Dion’s main purpose in moving to Côte-des-Neiges, however, was to keep a close watch on the progress of St Joseph’s Oratory. In 1904 he had given Brother André [Alfred Bessette] permission to build a tiny chapel dedicated to the patron saint of Canada. Since that time pilgrimages had been organized and were continuing to grow. In the face of this groundswell, firm judgement was essential. His daily dealings with Brother André soon led him to believe in his providential mission. He made known this conviction to Archbishop Paul Bruchési* of Montreal, who authorized him to give free rein to the development of the project. In 1911 a monastery was built near the now enlarged little chapel, and the following year he took up residence there with two priests and three brothers, including Brother André. The Annales de Saint-Joseph was founded in 1912, and he became its editor. In 1909 Dion had also set up the Confrérie Saint-Joseph de Mont-Royal to encourage the veneration of St Joseph. He was relieved of his duties as provincial during the summer of 1912 but was obliged to resume them two years later, after his successor resigned for reasons of health. In the meantime plans had been initiated for a large church dedicated to St Joseph. In the fall of 1915 Dion was able to lay the foundations of the church and crypt, which would be opened on 16 Dec. 1917. All that day his heart burst with gratitude to God. As Archbishop Bruchési would recall at his funeral: “Father Dion . . . lived for his church; it was his chosen work.”
Dion’s health began to deteriorate, however, and in the summer of 1918, following a meeting of the provincial chapter, he suffered a cerebral embolism. Realizing he could no longer perform his duties, he resigned from his two positions, but his resignation was not accepted. Since he had held these positions until his strength was exhausted, he deserved to retain his title to them to the end. He was brought back to the community’s infirmary in Côte-des-Neiges in accordance with his desire to die among his own people, and he passed away there on 8 October. Since the churches were closed because of the influenza epidemic, a private funeral was held in St Joseph’s Oratory. It was conducted by Archbishop Bruchési, who in his eulogy described Father Dion as “one of the most distinguished and zealous members” of the clergy in the diocese.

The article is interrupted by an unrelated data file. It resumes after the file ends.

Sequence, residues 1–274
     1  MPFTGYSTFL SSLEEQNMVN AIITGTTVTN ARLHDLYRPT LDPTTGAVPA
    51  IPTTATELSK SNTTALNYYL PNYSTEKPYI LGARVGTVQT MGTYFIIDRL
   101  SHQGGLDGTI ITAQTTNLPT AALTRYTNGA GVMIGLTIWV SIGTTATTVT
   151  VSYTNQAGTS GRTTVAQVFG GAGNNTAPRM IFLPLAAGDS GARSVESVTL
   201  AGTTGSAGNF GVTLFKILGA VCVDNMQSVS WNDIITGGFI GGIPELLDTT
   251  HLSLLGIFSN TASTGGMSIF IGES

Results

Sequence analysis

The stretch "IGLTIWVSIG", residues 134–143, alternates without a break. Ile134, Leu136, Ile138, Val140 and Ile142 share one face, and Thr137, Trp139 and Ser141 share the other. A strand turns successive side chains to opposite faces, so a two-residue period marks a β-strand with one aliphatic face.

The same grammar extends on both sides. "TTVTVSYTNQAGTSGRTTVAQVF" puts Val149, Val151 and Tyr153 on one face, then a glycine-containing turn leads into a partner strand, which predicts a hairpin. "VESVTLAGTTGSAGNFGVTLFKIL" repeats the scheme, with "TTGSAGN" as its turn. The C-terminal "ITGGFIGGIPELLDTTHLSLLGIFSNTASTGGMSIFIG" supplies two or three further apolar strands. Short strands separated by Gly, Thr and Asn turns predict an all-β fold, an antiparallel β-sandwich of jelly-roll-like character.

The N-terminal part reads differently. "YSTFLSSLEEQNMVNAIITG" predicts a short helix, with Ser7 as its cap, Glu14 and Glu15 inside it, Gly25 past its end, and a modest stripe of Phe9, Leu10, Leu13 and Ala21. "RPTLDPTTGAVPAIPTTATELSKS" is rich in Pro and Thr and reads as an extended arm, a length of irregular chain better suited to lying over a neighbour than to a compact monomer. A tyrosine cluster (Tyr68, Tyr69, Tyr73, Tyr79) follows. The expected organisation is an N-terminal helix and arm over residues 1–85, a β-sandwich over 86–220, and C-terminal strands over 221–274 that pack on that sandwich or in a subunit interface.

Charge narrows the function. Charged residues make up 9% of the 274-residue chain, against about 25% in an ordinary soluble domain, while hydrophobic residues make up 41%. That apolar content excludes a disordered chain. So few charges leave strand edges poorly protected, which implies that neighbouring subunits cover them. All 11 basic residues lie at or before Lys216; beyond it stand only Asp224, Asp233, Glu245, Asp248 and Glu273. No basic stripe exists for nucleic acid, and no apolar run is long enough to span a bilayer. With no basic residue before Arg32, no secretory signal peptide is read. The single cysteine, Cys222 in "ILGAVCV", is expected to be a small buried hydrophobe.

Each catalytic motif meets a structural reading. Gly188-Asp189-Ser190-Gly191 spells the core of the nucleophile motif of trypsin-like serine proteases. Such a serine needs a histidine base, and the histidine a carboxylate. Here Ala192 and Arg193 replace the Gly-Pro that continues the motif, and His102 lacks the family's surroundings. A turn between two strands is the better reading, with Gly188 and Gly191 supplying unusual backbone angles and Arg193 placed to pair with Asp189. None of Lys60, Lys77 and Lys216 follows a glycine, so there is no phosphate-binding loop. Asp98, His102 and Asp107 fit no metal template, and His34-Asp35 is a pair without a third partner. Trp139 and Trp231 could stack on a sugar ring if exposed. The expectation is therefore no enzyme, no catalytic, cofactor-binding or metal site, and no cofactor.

Dion’s life was quite short, but full. Endowed with sound judgement and an active disposition, he brought honour to every office entrusted to him. He was also guided and motivated by an intense faith in Providence. His reason for choosing the priesthood and the religious life was above all to serve God better and to live in closer communion with Him. True to himself, therefore, he always made a point of dedicating a large part of his days to God. In Father Dion a passionate nature was imbued with a mystical spirit.
Father Georges-Auguste Dion is the author of two religious works: Manuel de la confrérie de Saint-Joseph du Mont-Royal (Montréal, 1909) and Recueil de prières indulgenciées à saint Joseph, modèle des chrétiens (Montréal, 1909). He also contributed several articles to the Annales de Saint-Joseph (Montréal) between 1912 and 1919.
A file on Father Dion is available at the Arch. des Pères de Sainte-Croix, Montréal (Q111), along with his correspondence (B1.10, 1D1, and 1H1.1), speeches and sermons (Q112), and journal, 1892–96 (Q113).
ANQ-Q, CE2-6, 19 sept. 1852. É.-J.[-A.] Auclair, “Le père Dion, provincial des religieux de Sainte-Croix,” La Semaine religieuse de Montréal, 4 nov. 1918: 297–303. Paul Bruchési, “Allocution . . . aux funérailles du R.P. Dion, c.s.c.,” Annales de Saint-Joseph, 7 (1918): 365–68. “Le rév. père Georges-Auguste Dion, c.s.c.,” Annales de Saint-Joseph, 7: 342–45. Sainte-Croix au Canada, 1847–1947 (Montréal, 1947).